What I love is how you wear the Nabu; the touchscreen sits on the inside of your wrist, and it makes me feel like Jack Bauer when I go to look at it. The band vibrates when you get a text or notification or call, and works from both iOS and Android devices. The screen is 128 x 32 pixels, features a single button that can dismiss notifications -- or you can do so by shaking your arm. It's sweat and splash-proof, has a built in accelerometer and can count calories burned, steps taken, floors climbed, distance traveled and other goals that you want to track. I was told the battery can last six to eight days in-between charges, and something that helps the bettery life is that the private message screen automatically turns off when your wrist is down. 

While the Nabu will be a decent option to check notifications from your phone, the real benefit of it will come from the potential of the future. Since it's open platform, Razer is working with a ton of different developers for apps. Things like exchanging contacts and information with band-to-band contact, or even in a hospital setting having the Nabu store your medical records/allergies/diseases -- all that is possible. 

And for $99 when it launches later this holiday season, the potential is worth it. 

NZXT H440 Case

razer nzxt h440 case

Do you build your own gaming PCs? Here's another option for a mid-tower case. The Razer NZXT H440 is Razer's take at what gamers need in a PC case. It's quite, durable, sleek, and takes some really important factors into consideration.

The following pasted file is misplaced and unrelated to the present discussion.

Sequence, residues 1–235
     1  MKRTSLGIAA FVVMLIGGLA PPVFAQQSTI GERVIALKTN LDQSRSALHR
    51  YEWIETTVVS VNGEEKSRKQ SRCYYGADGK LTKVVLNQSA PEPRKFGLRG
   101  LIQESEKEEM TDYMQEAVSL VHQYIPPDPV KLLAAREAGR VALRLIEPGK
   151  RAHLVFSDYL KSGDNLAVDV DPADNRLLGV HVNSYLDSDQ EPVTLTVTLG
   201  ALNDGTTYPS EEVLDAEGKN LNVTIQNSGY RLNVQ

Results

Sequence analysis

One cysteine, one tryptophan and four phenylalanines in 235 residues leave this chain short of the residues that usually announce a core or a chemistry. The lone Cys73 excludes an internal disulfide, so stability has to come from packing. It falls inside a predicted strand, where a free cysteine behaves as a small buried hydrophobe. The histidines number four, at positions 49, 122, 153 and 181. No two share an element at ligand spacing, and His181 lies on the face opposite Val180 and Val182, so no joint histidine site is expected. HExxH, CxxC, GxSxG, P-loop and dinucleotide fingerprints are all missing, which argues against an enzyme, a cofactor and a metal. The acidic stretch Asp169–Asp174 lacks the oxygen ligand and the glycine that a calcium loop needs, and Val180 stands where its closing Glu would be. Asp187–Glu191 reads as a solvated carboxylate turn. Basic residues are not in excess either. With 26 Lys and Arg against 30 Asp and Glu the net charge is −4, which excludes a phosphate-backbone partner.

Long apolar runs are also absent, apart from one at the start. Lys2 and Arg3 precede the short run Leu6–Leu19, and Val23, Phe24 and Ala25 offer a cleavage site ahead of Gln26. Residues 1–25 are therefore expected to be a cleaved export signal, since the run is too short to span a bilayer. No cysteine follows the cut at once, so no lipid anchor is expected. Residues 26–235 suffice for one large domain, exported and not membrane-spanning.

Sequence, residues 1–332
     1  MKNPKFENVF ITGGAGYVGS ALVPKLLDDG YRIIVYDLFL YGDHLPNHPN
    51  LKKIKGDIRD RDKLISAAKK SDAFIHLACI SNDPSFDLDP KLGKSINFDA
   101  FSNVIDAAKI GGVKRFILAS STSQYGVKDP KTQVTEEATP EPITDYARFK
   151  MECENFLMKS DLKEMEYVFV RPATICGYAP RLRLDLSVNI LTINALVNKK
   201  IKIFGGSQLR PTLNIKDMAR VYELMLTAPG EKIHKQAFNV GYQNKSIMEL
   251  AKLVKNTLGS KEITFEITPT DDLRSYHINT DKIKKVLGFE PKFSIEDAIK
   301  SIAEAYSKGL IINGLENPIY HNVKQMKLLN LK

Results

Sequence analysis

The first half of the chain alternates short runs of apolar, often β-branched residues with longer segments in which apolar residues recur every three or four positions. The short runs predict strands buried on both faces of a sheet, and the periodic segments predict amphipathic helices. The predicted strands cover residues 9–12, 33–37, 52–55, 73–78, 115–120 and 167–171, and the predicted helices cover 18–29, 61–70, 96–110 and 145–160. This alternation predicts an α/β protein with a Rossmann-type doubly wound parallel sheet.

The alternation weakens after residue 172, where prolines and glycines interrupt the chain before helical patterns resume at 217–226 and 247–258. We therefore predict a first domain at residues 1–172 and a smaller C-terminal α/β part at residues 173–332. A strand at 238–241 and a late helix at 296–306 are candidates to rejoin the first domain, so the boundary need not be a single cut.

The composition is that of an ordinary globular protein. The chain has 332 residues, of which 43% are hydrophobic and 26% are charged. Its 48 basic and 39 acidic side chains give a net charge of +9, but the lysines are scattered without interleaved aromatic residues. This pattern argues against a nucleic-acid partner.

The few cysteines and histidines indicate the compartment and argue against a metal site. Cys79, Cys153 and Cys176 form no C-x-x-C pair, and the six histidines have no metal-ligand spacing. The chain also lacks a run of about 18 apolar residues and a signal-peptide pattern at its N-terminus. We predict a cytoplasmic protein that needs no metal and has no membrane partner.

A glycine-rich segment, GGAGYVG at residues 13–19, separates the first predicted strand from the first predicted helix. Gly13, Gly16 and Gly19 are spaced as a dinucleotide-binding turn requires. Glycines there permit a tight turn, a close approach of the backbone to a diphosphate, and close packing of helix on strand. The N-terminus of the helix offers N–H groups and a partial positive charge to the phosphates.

The case is a sleek black matte finish with hexagonal mesh, and it features a side window. There's the Razer green LED lighting for the power button, as well as green underglow on the bottom of the case. Also, it's made of steel. Take that, cheaply made Thermaltake case I have! Simply put, it looks nice, but what's it got on the inside?

There's plenty of room for multiple GPUs, as the H440 has seven expansion slots, an internal cooling system, an integrated power supply unit shroud, and has all of your cooling needs -- compatible with 140mm and 120mm fans, the top and front panels support radiators up to 360mm and supports liquid cooling... which is something I've always been too nervous to install myself. Oh, and cable management is effortless. Razer looks at problem areas with other cases and gave their solution. There's so much air flow it's nuts. Three 120mm fans in the front and a 140mm in the back.

The one thing that I'm not a huge fan of is that the front of the case has no optical drive slots. There's no door on the front, so you're stuck with using a USB-powered Blu-ray/optical drive. That's my only gripe. I'm a huge fan of everything else. 

The Razer NZXT H440 will be available in July for the price of $149.99... more than I've ever spent on a case, but I might just have to consider this for my next battlestation.

You can follow Senior Editor Lance Liebl on Twitter @Lance_GZ. Or you can email him at LLiebl@GameZone.com.

About The Author
Lance Liebl Ray. If someone asks if you are a god, you say, "yes!"